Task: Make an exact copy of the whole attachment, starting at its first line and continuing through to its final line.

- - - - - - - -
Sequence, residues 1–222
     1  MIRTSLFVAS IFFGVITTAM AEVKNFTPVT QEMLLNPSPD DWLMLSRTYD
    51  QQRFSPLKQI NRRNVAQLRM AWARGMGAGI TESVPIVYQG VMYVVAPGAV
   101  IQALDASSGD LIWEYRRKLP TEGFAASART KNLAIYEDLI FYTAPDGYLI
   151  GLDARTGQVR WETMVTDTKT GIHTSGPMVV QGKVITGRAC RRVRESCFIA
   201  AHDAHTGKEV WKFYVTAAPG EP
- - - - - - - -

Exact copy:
Sequence, residues 1–222
     1  MIRTSLFVAS IFFGVITTAM AEVKNFTPVT QEMLLNPSPD DWLMLSRTYD
    51  QQRFSPLKQI NRRNVAQLRM AWARGMGAGI TESVPIVYQG VMYVVAPGAV
   101  IQALDASSGD LIWEYRRKLP TEGFAASART KNLAIYEDLI FYTAPDGYLI
   151  GLDARTGQVR WETMVTDTKT GIHTSGPMVV QGKVITGRAC RRVRESCFIA
   201  AHDAHTGKEV WKFYVTAAPG EP